Imagine my pleasant surprise, therefore, when a young man with a nearly-new ’96 Cobra rolled up and said that he wanted to trade it in for the well-equipped Mustang GT convertible parked outside the dealership door. He seemed prepared for the idea that he’d be losing some money on his car, which is not always the case with people who are trying to trade in current-model-year cars. I promised that we’d make him a rock-bottom deal and I mentally prepared for a long weekend with that Cobra in the infamous Hocking Hills region of Southwestern Ohio.
When I went outside to evaluate the trade, however, I could tell that something was wrong. The badges were right, but the bumpers were wrong. The interior looked awfully plain. Could it be? I popped the hood to confirm. Yup — this was a base V-6 ‘Stang.
Son of a bitch! I stormed back in just in time to find the car’s owner handing over a copy of the original purchase order for the car. He’d bought it from a Columbus-area dealer that was infamous for pushing ethical boundaries and, sure enough, a boundary had been pushed here. The purchase order showed a base V-6 Mustang … and a dealership-added “SVT Style Package” that just happened to bring the price up to the MSRP of a new Cobra coupe. When I explained this to him in front of the helpfully-popped bonnet of his “Cobra”, the kid lost his temper with me, implied that I had a conjugal relationship with my own mother, slammed the hood shut, and prepared to peel rubber out of our lot. “I’M GOIN’ BACK TO (insert name of SVT-scam dealer)! FUCK YOU, BUDDY!”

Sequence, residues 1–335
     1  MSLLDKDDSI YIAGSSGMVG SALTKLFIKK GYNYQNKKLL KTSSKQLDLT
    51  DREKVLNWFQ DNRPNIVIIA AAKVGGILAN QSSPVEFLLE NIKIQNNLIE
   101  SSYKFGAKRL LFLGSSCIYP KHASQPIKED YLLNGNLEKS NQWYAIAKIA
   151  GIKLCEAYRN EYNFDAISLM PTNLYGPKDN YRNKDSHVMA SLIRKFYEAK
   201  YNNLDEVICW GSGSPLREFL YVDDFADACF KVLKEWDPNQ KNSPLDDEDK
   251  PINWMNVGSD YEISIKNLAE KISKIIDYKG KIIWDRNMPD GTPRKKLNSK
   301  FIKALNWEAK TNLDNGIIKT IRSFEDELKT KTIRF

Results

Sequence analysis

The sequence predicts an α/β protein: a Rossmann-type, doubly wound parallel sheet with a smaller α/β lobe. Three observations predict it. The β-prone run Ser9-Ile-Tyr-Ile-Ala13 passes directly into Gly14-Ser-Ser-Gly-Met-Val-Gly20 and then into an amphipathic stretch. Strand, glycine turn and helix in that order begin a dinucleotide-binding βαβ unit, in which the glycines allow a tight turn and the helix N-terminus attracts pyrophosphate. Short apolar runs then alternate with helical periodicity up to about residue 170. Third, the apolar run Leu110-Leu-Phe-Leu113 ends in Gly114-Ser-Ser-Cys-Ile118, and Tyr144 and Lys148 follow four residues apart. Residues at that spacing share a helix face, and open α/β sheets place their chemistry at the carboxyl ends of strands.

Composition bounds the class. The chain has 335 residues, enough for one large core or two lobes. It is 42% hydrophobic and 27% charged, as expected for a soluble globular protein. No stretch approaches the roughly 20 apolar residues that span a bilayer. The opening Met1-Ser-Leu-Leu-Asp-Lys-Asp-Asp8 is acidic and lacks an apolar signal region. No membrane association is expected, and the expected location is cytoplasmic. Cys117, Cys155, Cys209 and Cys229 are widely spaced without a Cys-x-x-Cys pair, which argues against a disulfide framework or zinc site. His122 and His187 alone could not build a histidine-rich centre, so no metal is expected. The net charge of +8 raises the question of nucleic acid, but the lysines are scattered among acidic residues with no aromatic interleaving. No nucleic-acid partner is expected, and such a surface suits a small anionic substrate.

He slammed on the gas. The tires didn’t spin.
“If there truly is one of those born every minute,” Rodney sagely observed, “the white race is in real trouble.”
Eliot Spitzer Got His Escorts Cheaper: It was a boring Thursday afternoon and I was idly flirting with the bug-eyed title girl when some old man and his wife rolled up in a temp-tagged Escort sedan. “We’re here to see Ralph,” the man said, strutting onto our parquet floor with the attitude of a geriatric Napoleon. Ralph was the 65-year-old guy who had been at the dealership since Vietnam or thereabouts. He didn’t take “ups”; he didn’t need to. He had a steady stream of referrals and repeat customers. He told funny stories and jokes, he acted like he was too old and feeble to negotiate, and he charged every one of his customers about $150 off sticker, if that much. Needless to say, his customers loved him …